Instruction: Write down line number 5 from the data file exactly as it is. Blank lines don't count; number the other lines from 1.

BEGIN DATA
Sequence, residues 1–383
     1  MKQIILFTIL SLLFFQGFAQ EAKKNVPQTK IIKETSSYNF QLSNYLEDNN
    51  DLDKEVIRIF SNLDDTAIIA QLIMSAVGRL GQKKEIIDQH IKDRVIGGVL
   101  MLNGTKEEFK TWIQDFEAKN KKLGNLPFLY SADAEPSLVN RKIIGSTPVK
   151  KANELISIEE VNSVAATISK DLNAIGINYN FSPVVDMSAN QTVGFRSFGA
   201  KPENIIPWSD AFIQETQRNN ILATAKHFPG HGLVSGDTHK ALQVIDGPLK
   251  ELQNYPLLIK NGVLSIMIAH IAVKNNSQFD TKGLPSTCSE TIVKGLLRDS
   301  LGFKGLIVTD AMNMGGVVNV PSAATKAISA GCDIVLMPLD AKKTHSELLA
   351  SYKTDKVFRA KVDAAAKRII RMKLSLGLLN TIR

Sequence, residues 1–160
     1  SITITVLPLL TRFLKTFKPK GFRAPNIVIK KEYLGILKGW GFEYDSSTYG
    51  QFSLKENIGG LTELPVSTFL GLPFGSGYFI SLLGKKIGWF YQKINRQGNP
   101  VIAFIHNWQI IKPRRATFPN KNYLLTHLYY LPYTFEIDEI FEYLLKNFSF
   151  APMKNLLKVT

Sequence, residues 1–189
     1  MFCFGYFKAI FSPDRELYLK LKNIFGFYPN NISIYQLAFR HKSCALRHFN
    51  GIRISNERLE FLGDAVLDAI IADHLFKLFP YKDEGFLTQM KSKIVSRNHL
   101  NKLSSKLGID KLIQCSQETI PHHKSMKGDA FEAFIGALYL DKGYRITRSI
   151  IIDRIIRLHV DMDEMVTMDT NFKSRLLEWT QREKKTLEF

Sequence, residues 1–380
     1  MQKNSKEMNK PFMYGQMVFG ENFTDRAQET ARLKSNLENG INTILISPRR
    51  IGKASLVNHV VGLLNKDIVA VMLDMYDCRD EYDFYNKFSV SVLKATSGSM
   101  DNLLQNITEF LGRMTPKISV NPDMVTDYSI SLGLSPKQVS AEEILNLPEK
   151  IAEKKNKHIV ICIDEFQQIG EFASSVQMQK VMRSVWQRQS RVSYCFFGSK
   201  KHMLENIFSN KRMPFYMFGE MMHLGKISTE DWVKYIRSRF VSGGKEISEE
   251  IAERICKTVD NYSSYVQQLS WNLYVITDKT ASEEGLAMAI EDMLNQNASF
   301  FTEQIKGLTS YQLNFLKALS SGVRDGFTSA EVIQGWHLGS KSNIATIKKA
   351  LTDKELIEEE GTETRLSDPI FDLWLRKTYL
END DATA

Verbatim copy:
   151  KANELISIEE VNSVAATISK DLNAIGINYN FSPVVDMSAN QTVGFRSFGA